|The position of the words in a sentence is the principal means of showing their relationship.
The writer must therefore, so far as possible, bring together the words, and groups of words, that are related in thought, and keep apart those which are not so related.|
Rule: The subject of a sentence and the principal verb should not, as a rule, be separated by a phrase or clause that can be transferred to the beginning.
Wrong: Cast iron, when treated in a Bessemer converter, is changed into steel.
The objection is that the interposed phrase or clause needlessly interrupts the natural order of the main clause. This objection, however, does not usually hold when the order is interrupted only by a relative clause or by an expression in apposition. Nor does it hold in periodic sentences in which the interruption is a deliberately used means of creating suspense.
Rule: The relative pronoun should come, as a rule, immediately after its antecedent.
Wrong: He wrote three articles about his adventures in Spain, which were published in Harper’s Magazine.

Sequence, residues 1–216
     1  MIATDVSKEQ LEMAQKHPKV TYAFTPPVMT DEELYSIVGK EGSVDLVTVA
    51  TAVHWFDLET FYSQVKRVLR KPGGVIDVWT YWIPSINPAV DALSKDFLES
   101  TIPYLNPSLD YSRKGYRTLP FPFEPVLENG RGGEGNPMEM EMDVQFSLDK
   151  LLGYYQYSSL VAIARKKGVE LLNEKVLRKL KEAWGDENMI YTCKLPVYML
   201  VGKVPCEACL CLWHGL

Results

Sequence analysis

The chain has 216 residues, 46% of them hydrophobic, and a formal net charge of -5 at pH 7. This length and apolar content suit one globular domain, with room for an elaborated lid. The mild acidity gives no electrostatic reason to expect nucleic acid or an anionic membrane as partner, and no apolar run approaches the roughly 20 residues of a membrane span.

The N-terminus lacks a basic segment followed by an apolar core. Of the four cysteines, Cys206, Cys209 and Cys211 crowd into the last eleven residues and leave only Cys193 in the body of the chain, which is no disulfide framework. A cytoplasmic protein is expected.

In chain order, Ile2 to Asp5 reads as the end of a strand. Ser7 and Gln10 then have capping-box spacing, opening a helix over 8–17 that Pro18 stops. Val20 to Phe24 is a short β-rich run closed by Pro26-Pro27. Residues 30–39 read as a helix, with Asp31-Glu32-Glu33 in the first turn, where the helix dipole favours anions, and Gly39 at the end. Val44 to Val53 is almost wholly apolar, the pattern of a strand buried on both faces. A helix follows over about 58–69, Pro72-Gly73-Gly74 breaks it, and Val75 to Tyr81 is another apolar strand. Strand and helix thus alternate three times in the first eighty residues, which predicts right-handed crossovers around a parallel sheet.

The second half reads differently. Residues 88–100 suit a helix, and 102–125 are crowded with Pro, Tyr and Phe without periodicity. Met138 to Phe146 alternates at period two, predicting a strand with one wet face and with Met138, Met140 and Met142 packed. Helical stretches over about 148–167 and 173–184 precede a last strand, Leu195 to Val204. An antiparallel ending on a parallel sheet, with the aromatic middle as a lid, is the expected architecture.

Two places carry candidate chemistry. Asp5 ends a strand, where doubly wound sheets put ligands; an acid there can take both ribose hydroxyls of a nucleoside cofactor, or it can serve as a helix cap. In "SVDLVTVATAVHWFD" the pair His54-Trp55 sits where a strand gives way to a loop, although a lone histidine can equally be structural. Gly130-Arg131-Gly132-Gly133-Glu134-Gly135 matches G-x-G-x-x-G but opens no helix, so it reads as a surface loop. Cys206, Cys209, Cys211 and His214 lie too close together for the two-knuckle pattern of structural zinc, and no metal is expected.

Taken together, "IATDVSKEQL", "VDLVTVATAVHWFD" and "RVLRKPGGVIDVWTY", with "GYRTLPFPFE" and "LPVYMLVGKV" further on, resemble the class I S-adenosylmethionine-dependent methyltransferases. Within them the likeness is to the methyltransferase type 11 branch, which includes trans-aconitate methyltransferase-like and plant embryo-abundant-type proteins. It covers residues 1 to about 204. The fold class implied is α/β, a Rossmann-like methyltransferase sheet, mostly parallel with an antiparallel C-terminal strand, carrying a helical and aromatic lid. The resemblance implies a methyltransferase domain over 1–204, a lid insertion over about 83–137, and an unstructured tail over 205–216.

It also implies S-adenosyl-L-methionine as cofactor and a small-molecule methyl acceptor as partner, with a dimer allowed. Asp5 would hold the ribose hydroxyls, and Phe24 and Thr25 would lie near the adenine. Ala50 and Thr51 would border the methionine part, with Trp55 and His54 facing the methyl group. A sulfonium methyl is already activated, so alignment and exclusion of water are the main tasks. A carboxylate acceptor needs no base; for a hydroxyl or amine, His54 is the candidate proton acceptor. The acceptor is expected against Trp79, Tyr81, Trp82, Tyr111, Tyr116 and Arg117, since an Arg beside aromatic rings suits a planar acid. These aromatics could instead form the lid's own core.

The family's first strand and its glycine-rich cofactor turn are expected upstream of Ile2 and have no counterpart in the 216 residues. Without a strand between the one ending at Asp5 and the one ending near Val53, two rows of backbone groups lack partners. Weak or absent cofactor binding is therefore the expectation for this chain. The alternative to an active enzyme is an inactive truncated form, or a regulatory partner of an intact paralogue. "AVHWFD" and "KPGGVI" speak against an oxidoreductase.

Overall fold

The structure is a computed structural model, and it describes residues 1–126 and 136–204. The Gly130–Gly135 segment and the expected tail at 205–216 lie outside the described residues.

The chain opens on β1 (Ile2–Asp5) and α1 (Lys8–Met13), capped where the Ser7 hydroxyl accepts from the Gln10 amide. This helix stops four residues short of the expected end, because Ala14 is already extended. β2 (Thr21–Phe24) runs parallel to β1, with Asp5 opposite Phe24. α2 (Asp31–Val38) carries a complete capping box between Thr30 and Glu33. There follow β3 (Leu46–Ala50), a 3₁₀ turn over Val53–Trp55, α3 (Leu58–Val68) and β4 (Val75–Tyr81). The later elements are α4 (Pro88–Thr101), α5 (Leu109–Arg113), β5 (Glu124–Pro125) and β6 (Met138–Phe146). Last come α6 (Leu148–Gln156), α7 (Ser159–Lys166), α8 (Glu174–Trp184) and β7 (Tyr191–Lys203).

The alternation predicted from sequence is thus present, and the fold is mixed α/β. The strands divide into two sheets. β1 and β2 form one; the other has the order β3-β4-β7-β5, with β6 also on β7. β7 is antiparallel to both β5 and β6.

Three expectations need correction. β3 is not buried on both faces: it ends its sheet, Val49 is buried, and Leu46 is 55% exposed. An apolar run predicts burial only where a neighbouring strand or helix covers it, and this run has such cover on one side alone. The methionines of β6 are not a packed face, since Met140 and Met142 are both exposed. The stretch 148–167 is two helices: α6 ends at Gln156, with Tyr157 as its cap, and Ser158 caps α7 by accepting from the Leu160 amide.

Wrong: This is a portrait of Benjamin Harrison, grandson of William Henry Harrison, who became President in 1889.
Rule: If the antecedent consists of a group of words, the relative comes at the end of the group, unless this would cause ambiguity.
Wrong: The grandson of William Henry Harrison, who
Rule: A noun in apposition may come between antecedent and relative, because in such a combination no real ambiguity can arise.
Example: The Duke of York, his brother, who was regarded with hostility by the Whigs
Rule: Modifiers should come, if possible next to the word they modify. If several expressions modify the same word, they should be so arranged that no wrong relation is suggested.
Wrong: He only found two mistakes.
Wrong: Major R. E. Joyce will give a lecture on Tuesday evening in Bailey Hall, to which the public is invited, on “My Experiences in Mesopotamia” at eight P.M.
Directions: Write three example sentences for each of the rules listed above.